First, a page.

“The most courageous act is still to think for yourself. Aloud,” Coco Chanel said. And so it is that she lives on in our memory, a silhouette as elegant as she is exacting. She knew, and from this knowledge she created the world in her image. In many ways, Mademoiselle was the first modern woman, creating an empire that glows even brighter four decades after her death. For Gabrielle “Coco” Chanel (1883-1971) defined a look that has become synonymous with luxury, a look that liberated the women of her time from the confines of the Belle Epoque.

Stripping women of their corsets and feathers, bobbing their hair, and putting them in bathing suits so that they could get some sun, Chanel introduced modern living to the Victorian world. From costume jewelry to slacks, the classic suit to couture perfume, Chanel was a visionary. “A girl should be two things: who and what she wants,” she said. “My life didn't please me, so I created my life.” In this same way Mademoiselle empowered women to see themselves in the world.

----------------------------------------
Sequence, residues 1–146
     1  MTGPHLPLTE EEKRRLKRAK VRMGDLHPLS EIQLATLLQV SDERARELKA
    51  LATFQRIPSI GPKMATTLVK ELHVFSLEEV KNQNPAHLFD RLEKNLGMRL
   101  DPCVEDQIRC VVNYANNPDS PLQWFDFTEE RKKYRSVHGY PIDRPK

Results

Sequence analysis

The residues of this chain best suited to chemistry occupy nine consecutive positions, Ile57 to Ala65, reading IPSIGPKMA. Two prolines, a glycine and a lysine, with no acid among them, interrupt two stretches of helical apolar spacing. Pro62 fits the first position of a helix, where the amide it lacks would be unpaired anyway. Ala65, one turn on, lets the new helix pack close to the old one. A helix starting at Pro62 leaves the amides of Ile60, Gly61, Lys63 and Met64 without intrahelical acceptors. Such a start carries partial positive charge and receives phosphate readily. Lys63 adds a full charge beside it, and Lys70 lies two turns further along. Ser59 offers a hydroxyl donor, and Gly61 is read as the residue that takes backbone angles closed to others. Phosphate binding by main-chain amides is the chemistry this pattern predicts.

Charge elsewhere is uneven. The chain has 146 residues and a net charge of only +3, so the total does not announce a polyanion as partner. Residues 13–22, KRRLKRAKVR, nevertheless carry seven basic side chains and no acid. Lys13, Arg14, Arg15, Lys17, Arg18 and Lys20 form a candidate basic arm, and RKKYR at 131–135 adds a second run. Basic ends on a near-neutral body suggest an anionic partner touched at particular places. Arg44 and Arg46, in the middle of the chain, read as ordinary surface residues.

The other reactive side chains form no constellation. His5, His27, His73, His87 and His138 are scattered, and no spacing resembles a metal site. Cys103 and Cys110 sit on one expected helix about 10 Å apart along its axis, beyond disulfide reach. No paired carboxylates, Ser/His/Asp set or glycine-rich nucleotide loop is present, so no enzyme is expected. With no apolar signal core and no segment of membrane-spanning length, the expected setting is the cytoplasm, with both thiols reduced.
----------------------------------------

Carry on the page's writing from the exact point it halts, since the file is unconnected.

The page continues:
Chanel knew, “In order to be irreplaceable, one must always be different.” And so it is that her star continues to glow, and we enjoy the light she emanates. She reveals to us a side of ourselves that inspires a sense of purpose to be found in the mastery of your craft. It is in this way that Mademoiselle became one of the most important influences in the life of photographer Douglas Kirkland for three weeks in 1962.

Sent on assignment for Look Magazine, Kirkland was just 27 years of age. Mademoiselle was 79. She was in the winter of her years, enjoying renewed fame as Jackie Kennedy began wearing her clothes in the White House. The American public was intrigued with the woman who had been one of the most celebrated figures until the second World War came. Chanel never fully recovered, but the public interest had not died. Kirkland represented a new generation engaging with Mademoiselle’s artistry.